“Careyes has something magical about it,” he added. “We have a beach here called Playa Teopa, which is an ancient place where the gods came to rest, and I think people feel it.”
Inspired by larger events such as the Sundance Film Festival and Mexico’s Morelia International Film Festival, Brignone launched ArteCareyes out of his own love for film. “I’m a frustrated producer. Two times I was going to start and then life called me to do other things,” he said. The films presented this year — “The Chaotic Life of Nadia Kadic” by Marta Hernaiz Pidal; “Leona” by Isaac Cherem; “Birds of Passage” by Cristina Gallego and Ciro Guerra; “Sharp Objects” by Vallée; “Life in a Frame: 50 years of Careyes” by Andressa Nunes, and the Sundance Presentation, “Mustang” (pictured below) by Laure de Clermont-Tonnerre and “Botero” by Don Millar — were picked by a committee headed by writer and director, Marina Stavenhagen.
“John Cooper [Sundance Film Festival director] suggests some … then there is another factor called luck,” Brignone added, referring to the selection process. “The first time I brought John Cooper here six years ago, he looked at the Piazza with 300 seats and asked ‘This is your film festival?’ I got a bit scared about the question, then he said: ‘I love it. We have 65,000 people and nobody talks to anybody anymore.’ The intimacy is very important and is what makes it very special here.”
As for his guest of honor this year, “Jean-Marc Vallée is a very fine man,” Brignone said. “We have something in common, as part of ourselves are little Peter Pans in the way we look at life. He told me after the workshop, ‘I came here to give lessons, and the reality is that I learned a lot.'”
Music is also essential for the spirit of GNP Arte Careyes. This year, the agenda presented international Cuban artists such as Francisco Céspedes, Nube Roja, Kelvis Ochoa, David Torrens y las Zinco Big Band the Christian Bernard, and international DJs like Don Alex Albert and DJ Puma.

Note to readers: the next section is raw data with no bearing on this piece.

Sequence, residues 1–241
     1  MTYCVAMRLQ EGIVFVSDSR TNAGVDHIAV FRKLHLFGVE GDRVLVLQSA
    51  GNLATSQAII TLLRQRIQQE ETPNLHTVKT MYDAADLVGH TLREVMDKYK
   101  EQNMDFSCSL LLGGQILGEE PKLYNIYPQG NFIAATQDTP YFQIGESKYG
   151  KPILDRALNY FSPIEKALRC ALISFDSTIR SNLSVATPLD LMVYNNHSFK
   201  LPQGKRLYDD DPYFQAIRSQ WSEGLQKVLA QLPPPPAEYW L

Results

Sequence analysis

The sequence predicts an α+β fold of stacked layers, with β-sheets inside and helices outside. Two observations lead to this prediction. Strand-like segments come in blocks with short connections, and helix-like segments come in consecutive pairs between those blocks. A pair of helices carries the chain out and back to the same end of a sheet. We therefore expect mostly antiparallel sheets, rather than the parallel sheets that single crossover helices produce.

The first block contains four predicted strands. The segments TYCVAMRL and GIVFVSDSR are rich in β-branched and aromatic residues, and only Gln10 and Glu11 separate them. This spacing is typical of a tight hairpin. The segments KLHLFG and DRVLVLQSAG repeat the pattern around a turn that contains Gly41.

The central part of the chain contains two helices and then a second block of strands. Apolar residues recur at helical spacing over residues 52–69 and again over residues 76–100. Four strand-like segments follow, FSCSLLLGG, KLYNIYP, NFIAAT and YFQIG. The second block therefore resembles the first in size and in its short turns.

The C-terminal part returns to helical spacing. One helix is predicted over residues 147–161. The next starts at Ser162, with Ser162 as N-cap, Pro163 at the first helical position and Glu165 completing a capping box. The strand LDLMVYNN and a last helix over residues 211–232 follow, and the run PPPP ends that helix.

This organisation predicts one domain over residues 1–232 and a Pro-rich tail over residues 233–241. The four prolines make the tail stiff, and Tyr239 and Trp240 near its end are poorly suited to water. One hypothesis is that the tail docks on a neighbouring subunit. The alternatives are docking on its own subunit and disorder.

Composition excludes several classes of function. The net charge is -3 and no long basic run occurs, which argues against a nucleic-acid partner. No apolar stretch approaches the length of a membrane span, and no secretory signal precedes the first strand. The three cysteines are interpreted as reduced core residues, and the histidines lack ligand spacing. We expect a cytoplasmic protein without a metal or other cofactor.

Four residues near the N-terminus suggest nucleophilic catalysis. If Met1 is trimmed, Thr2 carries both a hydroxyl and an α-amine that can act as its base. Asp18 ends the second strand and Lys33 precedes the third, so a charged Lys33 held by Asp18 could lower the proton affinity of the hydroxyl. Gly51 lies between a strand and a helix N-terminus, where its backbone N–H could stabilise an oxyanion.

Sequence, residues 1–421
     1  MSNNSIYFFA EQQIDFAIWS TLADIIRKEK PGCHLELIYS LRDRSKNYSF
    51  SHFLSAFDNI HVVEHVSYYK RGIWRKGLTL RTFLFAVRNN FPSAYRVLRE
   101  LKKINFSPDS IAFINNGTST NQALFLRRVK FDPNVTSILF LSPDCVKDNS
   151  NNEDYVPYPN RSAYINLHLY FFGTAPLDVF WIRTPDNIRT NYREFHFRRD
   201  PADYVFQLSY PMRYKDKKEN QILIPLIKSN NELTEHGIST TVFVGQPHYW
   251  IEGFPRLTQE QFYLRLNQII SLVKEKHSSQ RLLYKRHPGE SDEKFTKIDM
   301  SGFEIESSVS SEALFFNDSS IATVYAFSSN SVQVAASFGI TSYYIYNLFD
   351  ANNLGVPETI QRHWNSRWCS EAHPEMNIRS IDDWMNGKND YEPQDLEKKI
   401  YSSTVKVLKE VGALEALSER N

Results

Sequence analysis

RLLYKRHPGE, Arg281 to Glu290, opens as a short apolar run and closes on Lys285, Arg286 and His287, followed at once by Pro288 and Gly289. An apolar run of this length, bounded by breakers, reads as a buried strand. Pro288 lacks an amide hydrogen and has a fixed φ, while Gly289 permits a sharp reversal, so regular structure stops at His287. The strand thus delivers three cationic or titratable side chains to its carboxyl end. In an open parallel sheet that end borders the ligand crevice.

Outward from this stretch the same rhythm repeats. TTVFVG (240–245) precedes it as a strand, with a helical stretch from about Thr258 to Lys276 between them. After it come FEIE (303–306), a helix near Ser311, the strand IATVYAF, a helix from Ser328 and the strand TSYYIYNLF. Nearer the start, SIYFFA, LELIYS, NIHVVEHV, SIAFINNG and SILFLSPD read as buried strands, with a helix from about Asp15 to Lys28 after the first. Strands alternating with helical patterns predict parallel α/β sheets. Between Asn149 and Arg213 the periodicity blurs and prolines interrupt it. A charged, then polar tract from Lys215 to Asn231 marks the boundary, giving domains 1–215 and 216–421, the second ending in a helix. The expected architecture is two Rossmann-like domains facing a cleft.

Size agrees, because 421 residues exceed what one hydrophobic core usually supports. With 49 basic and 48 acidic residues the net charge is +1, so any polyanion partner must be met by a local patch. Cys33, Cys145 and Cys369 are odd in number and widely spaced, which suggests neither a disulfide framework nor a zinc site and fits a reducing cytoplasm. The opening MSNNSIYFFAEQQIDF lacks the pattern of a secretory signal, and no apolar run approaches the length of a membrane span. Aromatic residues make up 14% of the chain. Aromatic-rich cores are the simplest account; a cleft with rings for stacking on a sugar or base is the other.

At the heart of the festival is the Careyes Foundation, which helps educate children in nearby villages. “We built a movie theater for the festival so now we can invite kids to educational movies. If they are interested in being a cook, we put them with a chef who explains what he does and then they watch ‘Ratatouille.’ Having this kind of melting pot allows us to create other synergies,” Brignone explained.
The foundation also supports nearby Sea Turtle Protection & Conservation Center, where 2,000 sea turtles nest on Playa Teopa annually. To date, they have released over 1.5 million newborn sea turtles from four different species (Olive Ridley, Black, Hawksbill and Leatherback) safely into the ocean. A few miles away, the Careyes Polo Club — overseen by Filippo’s brother, Giorgio Brignone — hosts international tournaments on Bermuda grass fields and houses 150 professional polo ponies.
Brignone sees a bright future both for GNP ArteCareyes and the booming Mexican film industry as a whole. An all-time high 176 films were produced in Mexico in 2017, which was topped off last year by the Oscar success of Cuarón’s “Roma.”
“I think in every country you have waves, the last wave for Mexico was the ’40s and ’50s with film noire, it goes down and now it is back,” Brignone said.
GNP ArteCareyes was created in partnership with Alex Bracho and Victor Martinez from Makken with Brignone from Careyes. Marina Stavenhagen is the film director for the festival.